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### How is the weekly benefit calculated?

After a valid claim year is established, the department will calculate the weekly benefit amount using the following process:
(1) The department will establish the employee's average weekly wage by dividing the total reported wages in the employee's two highest-paid quarters in the qualifying period by twenty-six. If the result is not a multiple of one dollar, the result is rounded down to the next lower multiple of one dollar.
(2) If the employee's average weekly wage is equal to or less than one-half of the state's average weekly wage on the date the calculation is made, the benefit amount is ninety percent of the employee's average weekly wage.
Example 1: For this example, the state's average weekly wage is \$1,400. An employee's average weekly wage is \$600. Since this amount is less than half of the state's average weekly wage, the employee receives 90% of their weekly wage. The weekly benefit is \$540.
(3) If the employee's average weekly wage is more than fifty percent of the state's average weekly wage on the date the calculation is made, the weekly benefit amount is the sum of:
(a) Ninety percent of one-half of the state average weekly wage; and
(b) Fifty percent of the difference between one-half of the state average weekly wage and the employee's average weekly wage.
Example 2: For this example, the state's average weekly wage is \$1,400. An employee's average weekly wage is \$950. Since this number is more than half of the state's average weekly wage, calculate the values for subsection (3)(a) and (b) of this section, then add them together. The first number is equal to 90% of half the state's average weekly wage. Half of \$1,400 is \$700, and 90% of this number makes the first number \$630. The second number is equal to 50% of the amount of the employee's average weekly wage that is higher than half the state's average weekly wage. The amount of the employee's average weekly wage that is higher than half the state's average weekly wage is \$250 (\$950 - \$700). 50% of this amount makes the second number \$125. Add the two numbers together. The weekly benefit is \$755.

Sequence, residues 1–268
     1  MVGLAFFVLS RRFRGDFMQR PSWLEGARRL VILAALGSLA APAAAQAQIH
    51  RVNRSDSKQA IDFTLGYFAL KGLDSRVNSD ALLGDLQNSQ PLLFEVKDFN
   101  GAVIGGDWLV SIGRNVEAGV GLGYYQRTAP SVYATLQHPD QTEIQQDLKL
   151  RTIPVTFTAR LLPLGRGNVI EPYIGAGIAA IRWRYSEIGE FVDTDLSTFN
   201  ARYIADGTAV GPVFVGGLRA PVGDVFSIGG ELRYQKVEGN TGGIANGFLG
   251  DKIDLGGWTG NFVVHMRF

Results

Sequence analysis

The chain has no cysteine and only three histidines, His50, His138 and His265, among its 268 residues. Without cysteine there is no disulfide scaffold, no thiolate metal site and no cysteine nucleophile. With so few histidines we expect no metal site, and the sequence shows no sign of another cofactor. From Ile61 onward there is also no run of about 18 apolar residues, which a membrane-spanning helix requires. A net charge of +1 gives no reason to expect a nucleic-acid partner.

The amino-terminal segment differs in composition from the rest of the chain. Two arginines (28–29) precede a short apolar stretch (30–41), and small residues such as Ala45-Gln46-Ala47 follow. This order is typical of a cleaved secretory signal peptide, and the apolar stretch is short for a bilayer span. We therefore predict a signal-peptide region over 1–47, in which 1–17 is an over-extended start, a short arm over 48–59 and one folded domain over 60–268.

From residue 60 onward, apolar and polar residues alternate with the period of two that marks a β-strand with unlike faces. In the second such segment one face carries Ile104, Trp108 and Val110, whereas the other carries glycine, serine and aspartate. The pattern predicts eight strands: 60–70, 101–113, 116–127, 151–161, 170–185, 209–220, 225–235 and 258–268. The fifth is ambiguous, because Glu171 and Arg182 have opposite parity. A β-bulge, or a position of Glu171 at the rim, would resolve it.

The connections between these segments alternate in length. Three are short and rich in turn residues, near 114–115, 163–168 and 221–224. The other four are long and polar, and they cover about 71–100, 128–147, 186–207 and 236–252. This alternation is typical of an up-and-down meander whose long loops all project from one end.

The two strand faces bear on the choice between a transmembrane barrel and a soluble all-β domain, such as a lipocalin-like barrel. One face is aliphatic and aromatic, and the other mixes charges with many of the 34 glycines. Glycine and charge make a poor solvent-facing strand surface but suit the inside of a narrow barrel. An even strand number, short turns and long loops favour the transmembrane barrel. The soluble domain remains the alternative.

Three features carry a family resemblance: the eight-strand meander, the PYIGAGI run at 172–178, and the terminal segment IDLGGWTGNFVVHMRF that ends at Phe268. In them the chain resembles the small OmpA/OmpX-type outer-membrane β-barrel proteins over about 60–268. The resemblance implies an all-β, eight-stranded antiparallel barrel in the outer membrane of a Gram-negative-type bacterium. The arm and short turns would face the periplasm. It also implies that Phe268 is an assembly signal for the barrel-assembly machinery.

(4) If the result of the weekly benefit calculation is not a multiple of one dollar, the result is rounded down to the next lower multiple of one dollar.
(5) All weekly benefit amount calculations are subject to the minimum and maximum weekly benefit amounts under RCW 50A.15.020.
(6) The weekly benefit amount determined in subsections (1) through (4) of this section is prorated by the number of hours claimed for paid family or medical leave compared to the number of typical workweek hours.
Example 3: An employee has a weekly benefit amount determined to be \$1,000. The employee worked 20 hours each week in the qualifying period. The employee is now full-time and salaried, causing the department to consider that employee's typical workweek hours to be 40. The employee can claim 40 hours on each weekly claim. No proration would occur because the hours claimed compared to the typical workweek hours are the same. As a result, the employee would receive 100% of their weekly benefit amount.
[Statutory Authority: RCW 50A.05.060. WSR 21-04-067, § 192-610-051, filed 1/29/21, effective 3/1/21. Statutory Authority: RCW 50A.04.215. WSR 19-23-090, § 192-610-051, filed 11/19/19, effective 12/20/19.]
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